|Publication number||US4282536 A|
|Application number||US 06/121,336|
|Publication date||Aug 4, 1981|
|Filing date||Feb 13, 1980|
|Priority date||Apr 20, 1979|
|Publication number||06121336, 121336, US 4282536 A, US 4282536A, US-A-4282536, US4282536 A, US4282536A|
|Inventors||Rolf Paschen, Rolf Martens|
|Original Assignee||Koh-I-Noor Rapidgoraph, Inc.|
|Export Citation||BiBTeX, EndNote, RefMan|
|Patent Citations (10), Referenced by (16), Classifications (4)|
|External Links: USPTO, USPTO Assignment, Espacenet|
1. Field of the Invention
A process and apparatus for controlling the delivery of drawing ink to an automatic drawing or drafting machine, and particularly a machine having a plurality of selectively controlled tubular writing pens, for drafting different line widths.
2. Description of the Prior Art
In an earlier procedure of this type, (German P No. 27 41 311) (U.S. Ser. No. 907,536, now U.S. Pat. No. 4,188,634), the ink level in an intermediate chamber was controlled by comparing an actual value with a theoretical value. The intermediate chamber was connected with both the ink delivery mechanism and the stylographic, or tube, pens in such a manner that a static ink pressure resulted in the writing tubes of the attached tube pens, which pressure was determined by the ink level of the intermediate chamber.
Even though this earlier procedure functioned satisfactorily, it required nontheless a relatively complex switching process to compare the actual value with the theoretical value and to correspondingly activate the ink delivery mechanism. Beyond that, it established the same static ink pressure for all tube pens. It is, however, also known that the static ink pressure must be adjusted to correspond to the line width of the tube pen in order to achieve optimal results, i.e., the narrow width tube pen should have a greater static pressure at its tube writer than a wide width tube pen.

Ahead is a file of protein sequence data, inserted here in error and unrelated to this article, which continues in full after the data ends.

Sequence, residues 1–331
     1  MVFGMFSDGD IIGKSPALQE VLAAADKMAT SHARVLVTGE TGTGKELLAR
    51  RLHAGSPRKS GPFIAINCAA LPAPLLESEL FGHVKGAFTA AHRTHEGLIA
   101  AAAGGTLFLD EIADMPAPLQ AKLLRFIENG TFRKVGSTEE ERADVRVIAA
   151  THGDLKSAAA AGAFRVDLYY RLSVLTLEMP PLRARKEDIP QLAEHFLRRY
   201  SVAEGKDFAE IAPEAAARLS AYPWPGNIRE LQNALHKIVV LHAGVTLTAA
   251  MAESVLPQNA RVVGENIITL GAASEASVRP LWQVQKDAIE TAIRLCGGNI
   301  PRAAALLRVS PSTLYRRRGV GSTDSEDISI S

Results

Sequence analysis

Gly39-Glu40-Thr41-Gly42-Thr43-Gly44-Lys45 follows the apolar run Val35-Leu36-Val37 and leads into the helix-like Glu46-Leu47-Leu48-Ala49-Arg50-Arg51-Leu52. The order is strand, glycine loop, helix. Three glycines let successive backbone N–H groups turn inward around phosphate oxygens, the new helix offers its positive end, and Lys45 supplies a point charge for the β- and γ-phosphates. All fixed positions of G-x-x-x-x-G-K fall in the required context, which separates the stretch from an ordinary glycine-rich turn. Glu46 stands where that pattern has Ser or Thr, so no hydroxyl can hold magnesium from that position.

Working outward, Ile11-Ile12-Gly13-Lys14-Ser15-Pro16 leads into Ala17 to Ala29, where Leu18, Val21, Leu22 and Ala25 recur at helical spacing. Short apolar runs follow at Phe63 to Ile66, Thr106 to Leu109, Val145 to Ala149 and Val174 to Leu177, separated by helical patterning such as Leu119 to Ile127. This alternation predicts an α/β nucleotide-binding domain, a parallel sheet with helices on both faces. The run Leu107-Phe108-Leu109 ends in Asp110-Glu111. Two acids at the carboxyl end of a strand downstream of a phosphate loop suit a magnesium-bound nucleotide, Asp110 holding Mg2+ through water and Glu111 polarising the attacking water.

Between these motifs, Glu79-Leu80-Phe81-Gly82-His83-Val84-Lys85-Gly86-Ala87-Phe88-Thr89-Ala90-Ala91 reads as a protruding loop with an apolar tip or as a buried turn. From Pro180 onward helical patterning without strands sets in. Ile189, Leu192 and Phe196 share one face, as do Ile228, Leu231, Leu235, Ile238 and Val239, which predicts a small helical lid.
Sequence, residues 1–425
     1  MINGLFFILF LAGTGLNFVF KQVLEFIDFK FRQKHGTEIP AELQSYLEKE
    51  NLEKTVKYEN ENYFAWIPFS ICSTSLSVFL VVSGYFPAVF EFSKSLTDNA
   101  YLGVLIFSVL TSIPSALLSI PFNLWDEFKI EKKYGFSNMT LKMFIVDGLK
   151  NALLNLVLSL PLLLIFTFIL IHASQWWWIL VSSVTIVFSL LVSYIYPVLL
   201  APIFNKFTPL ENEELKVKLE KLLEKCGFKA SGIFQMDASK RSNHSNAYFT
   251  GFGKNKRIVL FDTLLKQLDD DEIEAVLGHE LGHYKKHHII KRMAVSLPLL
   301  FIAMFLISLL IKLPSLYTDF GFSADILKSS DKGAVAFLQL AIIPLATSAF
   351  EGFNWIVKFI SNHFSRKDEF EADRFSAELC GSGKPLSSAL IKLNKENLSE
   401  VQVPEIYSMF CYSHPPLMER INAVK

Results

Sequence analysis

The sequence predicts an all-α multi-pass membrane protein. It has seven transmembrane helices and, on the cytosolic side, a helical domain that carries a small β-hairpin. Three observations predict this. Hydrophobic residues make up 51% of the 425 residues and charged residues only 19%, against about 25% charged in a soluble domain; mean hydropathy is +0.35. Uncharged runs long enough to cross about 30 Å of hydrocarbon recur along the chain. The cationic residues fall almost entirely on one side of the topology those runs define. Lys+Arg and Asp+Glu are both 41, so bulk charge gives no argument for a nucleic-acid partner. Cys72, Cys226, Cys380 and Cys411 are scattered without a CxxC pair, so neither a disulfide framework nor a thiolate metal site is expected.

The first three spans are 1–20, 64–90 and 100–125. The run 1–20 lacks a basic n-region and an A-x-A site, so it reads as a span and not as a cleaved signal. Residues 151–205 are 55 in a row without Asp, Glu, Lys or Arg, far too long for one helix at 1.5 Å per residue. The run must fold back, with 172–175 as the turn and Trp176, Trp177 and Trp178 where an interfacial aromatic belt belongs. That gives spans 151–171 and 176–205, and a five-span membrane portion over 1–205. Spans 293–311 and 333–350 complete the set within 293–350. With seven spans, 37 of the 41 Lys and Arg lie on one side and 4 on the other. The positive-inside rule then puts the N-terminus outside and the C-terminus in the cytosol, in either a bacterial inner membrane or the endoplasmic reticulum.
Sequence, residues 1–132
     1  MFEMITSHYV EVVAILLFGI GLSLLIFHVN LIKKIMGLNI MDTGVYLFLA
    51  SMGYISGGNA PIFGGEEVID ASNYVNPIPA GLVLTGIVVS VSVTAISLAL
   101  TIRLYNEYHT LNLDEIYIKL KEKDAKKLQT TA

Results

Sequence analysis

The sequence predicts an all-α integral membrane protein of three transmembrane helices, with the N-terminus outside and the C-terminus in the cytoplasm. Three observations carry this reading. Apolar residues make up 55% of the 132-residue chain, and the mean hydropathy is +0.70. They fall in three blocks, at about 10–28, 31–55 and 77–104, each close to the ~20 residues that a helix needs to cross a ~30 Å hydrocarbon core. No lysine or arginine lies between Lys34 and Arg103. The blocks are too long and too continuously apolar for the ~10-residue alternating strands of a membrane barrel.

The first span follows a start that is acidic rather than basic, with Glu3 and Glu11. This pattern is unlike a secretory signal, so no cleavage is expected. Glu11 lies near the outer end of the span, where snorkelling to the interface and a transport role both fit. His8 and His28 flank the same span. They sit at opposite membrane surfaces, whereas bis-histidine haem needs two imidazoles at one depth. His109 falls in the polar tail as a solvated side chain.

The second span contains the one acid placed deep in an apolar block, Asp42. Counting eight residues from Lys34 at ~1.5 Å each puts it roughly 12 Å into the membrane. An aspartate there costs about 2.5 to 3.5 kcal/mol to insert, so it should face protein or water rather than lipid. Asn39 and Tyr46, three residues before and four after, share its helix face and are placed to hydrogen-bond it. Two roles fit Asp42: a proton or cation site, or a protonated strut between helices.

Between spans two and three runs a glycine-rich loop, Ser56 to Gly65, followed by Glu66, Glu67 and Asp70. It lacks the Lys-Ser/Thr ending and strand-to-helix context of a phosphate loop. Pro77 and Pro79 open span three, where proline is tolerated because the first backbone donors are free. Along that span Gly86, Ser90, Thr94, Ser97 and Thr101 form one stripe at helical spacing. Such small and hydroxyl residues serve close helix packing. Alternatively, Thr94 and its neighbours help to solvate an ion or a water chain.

The object of the invention is, therefore, to provide a simple means of individually adapting the static ink pressure in a number of tube pens to the line width of each tube pen.
The solution to this object is provided by maintaining a constant static pressure for each pen, as a function of its line width. The preferred embodiments of the invention employ a process by which the ink delivery mechanism provides ink to the tube pen with the smallest line width, which ink in turn flows through an overflow located at a predetermined height, and successively to tube pens with overflows at lower levels, and progressively greater line widths, and finally, as necessary, through a supply chamber back to the ink delivery mechanism. The ink delivery system functions preferably continuously.
In the process taught according to the invention, individual tube pens are filled to a level corresponding to a desired static ink pressure and this ink level is maintained by correspondingly located overflows, which allow ink to flow downwardly from the tube pen with the narrowest line width, and then, as noted above, so that when one or more tube pens are used and ink is expended, the static ink pressure in each pen is always maintained constant.
The invention further concerns improvements in a drawing instrument, and particularly for automatic drawing systems, wherein several tube pens have writing tubes of varying line widths, which can be selectively lowered to a drawing base. The improved instrument also has an ink delivery mechanism characterized by the fact that the outlet of the ink delivery mechanism is connected by means of overflows whose distance from the front end of each writing tube decreases as the line width of the tube pens increases.
The overflow of the tube writer with the greatest line width is connected with the inlet of the ink delivery mechanism, i.e., with the attached ink supply chamber.
To facilitate both lowering the tube pens into a drawing position, and raising them into the storage position, and also to prevent impairment of these actions in the case of tube pens whose ink chambers are connected by overflows according to the present invention, the overflows can each consist of a rigid tube section which extends into the ink chamber of the adjacent tube writer. There can also be a slot extending axially, in the wall of the ink chamber of the adjacent tube pen, at the height of that tube section. The length of this slot is greater than the stroke of the tube pen so that the overflow, i.e., the rigid tube section, can move in the slot in the adjacent tube writer when the tube writer with the overflow is moved.